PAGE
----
An article from The Astorian shares new data on toxic compounds in the lower part of the Columbia River:
VANCOUVER, Wash. - New data on contamination in the Lower Columbia River show concentrations of pesticides, industrial compounds and flame retardants between Portland and Longview, Wash., that rival those in Seattle's Puget Sound.
According to the two scientists in charge of testing at six sites from Point Adams, just east of Hammond, to Warrendale, about 140 miles upriver, the levels of some toxics detected in river sediment and fish tissue in the most industrialized stretches of the Columbia could be compromising the health and eventual survival of juvenile salmonids.
The Lower Columbia River Estuary Partnership announced results of recent toxics monitoring tests Monday, kicking off a three-day conference on the river's health. The data were collected by the U.S. Geological Survey and National Oceanic and Atmospheric Administration with the help of $1.6 million from the Bonneville Power Administration.
A final report on the monitoring data will be available in August.
After 20 years of participation in the National Estuary Program, a federally funded environmental protection effort, the lower Columbia River habitat continues to suffer from decades-old applications of the banned agricultural pesticide DDT (dichloro diphenyl tichloroethane), restricted industrial insulators and lubricants (PCBs) Polychlorinated biphenyls, and chemical compounds PAH (Polycyclic aromatic hydrocarbons), found in petroleum and its byproducts.
These contaminants are known to bioaccumulate, or grow in concentration, as they move up the food chain from microbes on river sediment to fish and eventually birds in the river's ecosystem. Scientists are also concerned about the impact the contaminants could have on humans who eat the river's fish.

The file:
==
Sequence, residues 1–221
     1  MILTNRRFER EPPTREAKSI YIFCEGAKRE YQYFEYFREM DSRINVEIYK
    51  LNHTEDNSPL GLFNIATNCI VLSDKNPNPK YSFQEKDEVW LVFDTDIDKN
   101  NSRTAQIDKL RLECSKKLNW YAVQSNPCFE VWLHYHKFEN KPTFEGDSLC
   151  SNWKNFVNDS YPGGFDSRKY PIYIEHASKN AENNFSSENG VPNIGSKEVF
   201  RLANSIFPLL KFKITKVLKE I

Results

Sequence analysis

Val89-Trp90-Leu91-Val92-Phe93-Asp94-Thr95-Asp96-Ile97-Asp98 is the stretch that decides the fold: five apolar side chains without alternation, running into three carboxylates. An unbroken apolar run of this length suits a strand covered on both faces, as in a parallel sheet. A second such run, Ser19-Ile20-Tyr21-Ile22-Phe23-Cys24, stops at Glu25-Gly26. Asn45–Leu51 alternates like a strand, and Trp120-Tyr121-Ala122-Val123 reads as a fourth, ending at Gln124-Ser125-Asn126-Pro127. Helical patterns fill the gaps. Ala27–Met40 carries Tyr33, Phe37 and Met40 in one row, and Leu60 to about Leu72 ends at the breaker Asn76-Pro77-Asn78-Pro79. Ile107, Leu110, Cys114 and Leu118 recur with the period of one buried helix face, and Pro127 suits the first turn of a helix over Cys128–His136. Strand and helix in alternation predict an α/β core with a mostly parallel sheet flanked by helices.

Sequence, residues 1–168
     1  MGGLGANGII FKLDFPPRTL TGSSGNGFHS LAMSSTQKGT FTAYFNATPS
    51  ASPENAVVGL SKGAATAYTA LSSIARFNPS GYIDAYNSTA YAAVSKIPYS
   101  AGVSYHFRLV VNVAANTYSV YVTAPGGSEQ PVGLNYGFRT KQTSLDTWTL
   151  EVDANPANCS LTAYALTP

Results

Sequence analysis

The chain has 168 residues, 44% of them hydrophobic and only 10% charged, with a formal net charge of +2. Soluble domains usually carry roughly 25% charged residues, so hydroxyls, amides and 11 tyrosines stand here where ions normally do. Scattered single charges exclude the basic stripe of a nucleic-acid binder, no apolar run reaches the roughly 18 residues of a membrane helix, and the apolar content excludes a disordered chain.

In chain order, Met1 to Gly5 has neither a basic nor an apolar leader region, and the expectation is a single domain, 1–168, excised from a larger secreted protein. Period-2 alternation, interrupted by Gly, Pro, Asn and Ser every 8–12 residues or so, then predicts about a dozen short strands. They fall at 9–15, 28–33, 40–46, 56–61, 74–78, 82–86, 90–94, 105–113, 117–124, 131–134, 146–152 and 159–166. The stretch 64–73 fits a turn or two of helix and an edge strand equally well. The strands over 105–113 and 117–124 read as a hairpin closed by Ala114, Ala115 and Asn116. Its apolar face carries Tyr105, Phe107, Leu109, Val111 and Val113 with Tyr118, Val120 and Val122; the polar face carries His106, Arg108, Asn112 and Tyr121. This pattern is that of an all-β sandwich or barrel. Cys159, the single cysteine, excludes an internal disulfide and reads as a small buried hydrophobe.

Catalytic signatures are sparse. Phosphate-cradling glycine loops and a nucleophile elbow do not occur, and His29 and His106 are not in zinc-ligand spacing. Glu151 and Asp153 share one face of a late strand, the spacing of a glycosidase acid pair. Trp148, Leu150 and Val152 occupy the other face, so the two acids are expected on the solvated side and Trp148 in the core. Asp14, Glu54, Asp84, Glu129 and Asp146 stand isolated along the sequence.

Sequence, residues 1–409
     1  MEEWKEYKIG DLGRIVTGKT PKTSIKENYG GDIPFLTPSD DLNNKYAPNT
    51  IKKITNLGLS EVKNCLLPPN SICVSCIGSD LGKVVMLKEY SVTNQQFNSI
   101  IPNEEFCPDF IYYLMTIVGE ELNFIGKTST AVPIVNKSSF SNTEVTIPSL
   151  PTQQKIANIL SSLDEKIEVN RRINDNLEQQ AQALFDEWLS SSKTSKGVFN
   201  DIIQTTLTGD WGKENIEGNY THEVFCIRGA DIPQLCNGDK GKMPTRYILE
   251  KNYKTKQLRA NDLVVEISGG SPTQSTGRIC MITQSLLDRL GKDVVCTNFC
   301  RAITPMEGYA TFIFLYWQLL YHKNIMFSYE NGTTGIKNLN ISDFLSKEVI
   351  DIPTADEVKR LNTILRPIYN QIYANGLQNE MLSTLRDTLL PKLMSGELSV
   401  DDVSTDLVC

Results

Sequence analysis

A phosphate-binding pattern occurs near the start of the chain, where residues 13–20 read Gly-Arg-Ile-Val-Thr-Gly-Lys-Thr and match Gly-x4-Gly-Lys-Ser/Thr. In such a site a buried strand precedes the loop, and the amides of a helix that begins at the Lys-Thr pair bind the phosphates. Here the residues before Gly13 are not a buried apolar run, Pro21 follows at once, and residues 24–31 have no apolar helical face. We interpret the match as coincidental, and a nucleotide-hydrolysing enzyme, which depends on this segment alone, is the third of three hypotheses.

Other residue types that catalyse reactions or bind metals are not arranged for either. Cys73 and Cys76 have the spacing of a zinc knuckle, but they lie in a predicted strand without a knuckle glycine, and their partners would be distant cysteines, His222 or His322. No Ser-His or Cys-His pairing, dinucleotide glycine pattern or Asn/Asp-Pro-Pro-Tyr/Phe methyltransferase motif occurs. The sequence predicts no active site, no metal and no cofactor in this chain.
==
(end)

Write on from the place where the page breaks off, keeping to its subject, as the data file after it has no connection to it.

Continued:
The Columbia's contamination has been in the spotlight since last summer, when the Environmental Protection Agency declared the entire river one of 28 "Great Water Bodies" in the country, a designation that brings heightened federal attention and clean-up funding potential.
LCREP is now asking Congress for $2.3 million from the 2008 budget to continue monitoring toxics in the river system. LCREP Director Debrah Marriott said additional research would be needed to fully understand and correct pollution problems and create a "cleaner, healthier Columbia."
"The Willamette is a major source of agricultural and industrial discharge on the Lower Columbia," said Marriott. But other sources on the lower river and in the entire Columbia River Basin, stretching up to Idaho and into Canada, contribute as well, she said.
"Stormwater discharges, industrial discharges, seafood processing plants, air deposition and hazardous waste sites are all contributing to pollution along the mainstem Columbia River," said Marriott. The new data will help LCREP "assign additional responsibilities" to agencies charged with protecting clean water and wildlife, she said.
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